"A doctor who treats himself has a fool for a patient." – Sir William Osler.
Sorry, Bill. I completely disagree. Whether or not you're a physician, you must be your own primary screener, diagnostician, therapist, and triage agent every day for the promotion of your own health, prevention of disease, and making an early diagnosis.
As we age, we gain additional opportunities to experience new and different diseases. Any good physician learns much from our patients, and even more from our own health.
I've gotten a lot of sun exposure during my life and not always with sunscreen. So when the superior aspect of my right external ear got red and a little swollen, it bothered me. Over days and weeks, it became a bit painful and seemed to "point," then drained some white material and healed up. Okay, maybe an odd staph infection. I thought nothing more about it.
Whoops. The lesion recurred in the helix of the right pinna after a few months and got worse in May 2021.
The thing about successfully being your own physician is honestly knowing and admitting what you don't know, recognizing that, and then confronting yourself about it. I did not know what this ear condition was, but I knew I did not like it.
I trust my local dermatologist, a pioneer in telemedicine. My wife has used his teledermatology service successfully. So I registered at his site, provided some clinical information, and sent the photograph on a weekend.
I quickly received an automated acknowledgment and a promised rapid response, with billing of my insurance carrier (backed up by my credit card). The next day, I received the diagnosis: chondrodermatitis nodularis helicis (CNH). I looked it up. Right on.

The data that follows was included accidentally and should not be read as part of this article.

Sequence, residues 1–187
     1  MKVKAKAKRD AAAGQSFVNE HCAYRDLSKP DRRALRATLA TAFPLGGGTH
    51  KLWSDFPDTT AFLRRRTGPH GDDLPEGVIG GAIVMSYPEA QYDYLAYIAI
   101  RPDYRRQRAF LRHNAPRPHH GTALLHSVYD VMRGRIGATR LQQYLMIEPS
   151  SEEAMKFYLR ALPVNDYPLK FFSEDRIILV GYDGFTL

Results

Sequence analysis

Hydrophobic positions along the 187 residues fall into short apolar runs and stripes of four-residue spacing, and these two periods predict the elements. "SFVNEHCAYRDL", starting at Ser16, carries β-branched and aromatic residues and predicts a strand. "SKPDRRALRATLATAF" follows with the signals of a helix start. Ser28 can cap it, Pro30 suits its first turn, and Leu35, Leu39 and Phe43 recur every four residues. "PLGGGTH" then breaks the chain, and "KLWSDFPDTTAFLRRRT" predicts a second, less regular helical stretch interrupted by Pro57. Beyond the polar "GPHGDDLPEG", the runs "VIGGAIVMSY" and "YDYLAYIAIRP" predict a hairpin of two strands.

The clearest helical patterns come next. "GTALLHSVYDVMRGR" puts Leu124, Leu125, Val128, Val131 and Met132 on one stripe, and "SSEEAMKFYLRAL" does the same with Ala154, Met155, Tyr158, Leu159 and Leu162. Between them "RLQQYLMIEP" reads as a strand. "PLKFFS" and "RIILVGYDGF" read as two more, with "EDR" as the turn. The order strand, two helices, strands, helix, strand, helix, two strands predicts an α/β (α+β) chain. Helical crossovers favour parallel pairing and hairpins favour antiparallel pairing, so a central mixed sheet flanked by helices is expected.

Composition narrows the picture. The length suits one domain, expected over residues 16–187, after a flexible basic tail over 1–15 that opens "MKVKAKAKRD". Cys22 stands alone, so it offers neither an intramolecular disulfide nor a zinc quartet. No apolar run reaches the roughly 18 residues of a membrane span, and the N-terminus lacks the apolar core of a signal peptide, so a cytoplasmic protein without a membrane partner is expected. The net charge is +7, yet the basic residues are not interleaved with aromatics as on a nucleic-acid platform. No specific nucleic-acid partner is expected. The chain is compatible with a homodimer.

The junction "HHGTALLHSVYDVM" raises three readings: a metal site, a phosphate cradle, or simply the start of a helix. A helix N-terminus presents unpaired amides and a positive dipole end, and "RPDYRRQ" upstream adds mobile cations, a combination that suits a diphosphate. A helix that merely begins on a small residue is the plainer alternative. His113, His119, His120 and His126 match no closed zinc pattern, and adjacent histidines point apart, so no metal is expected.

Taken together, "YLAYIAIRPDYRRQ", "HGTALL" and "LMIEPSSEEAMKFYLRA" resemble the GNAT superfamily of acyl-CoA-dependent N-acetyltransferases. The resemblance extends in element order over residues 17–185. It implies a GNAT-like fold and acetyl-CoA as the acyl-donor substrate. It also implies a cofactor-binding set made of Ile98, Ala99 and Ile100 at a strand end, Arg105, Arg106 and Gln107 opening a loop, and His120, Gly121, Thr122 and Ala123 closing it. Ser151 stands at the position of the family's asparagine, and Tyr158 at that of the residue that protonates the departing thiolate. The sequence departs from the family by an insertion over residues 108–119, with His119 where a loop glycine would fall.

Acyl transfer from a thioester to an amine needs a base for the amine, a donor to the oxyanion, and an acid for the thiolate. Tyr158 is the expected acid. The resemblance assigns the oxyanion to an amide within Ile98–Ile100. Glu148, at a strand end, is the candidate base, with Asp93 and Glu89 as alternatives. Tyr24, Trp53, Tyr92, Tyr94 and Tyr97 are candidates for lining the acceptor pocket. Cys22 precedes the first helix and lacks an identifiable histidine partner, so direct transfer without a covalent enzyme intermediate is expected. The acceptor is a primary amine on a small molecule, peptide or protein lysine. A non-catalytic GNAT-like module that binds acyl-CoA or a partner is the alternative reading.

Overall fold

Treatment for CNH
According to the internet, various procedures have been used to treat CNH, including wedge excision, curettage, electrocauterization, photodynamic therapy, carbon dioxide laser ablation, and excision of the involved skin and cartilage.
In general, I don't like invasive therapies done to my body, so I kept looking. Turns out that if one stops putting pressure on the ear (think pressure sores), the disease may heal itself. I am a great believer in giving the body a chance to heal.
What puts chronic pressure on the external ear? Pillows, every night. A little more Internet searching and — presto! — I found CNH-specific pillows with holes in them. I ordered one. The pandemic (no travel or hotels) made it easy to use the "holey pillow" every night.
Very soon, a normal ear. Twelve months later, still normal; the pillow has cured me.
Thank you, teledermatologist; thank you World Wide Web; thank you, search engines; thank you, market-driven entrepreneurialism/capitalism; thank you, Mother Nature and sweet holey-pillow dreams.
That's my opinion. I'm Dr George Lundberg, at large for Medscape.
George Lundberg, MD, is contributing editor at Cancer Commons , president of the Lundberg Institute, executive advisor at Cureus, and a clinical professor of pathology at Northwestern University. Previously, he served as editor-in-chief of JAMA (including 10 specialty journals), American Medical News, and Medscape.
All images: George Lundberg, MD
Medscape Internal Medicine © 2022 WebMD, LLC
Any views expressed above are the author's own and do not necessarily reflect the views of WebMD or Medscape.
Cite this: George D. Lundberg. Sweet Holey Pillow Dreams - Medscape - Jun 20, 2022.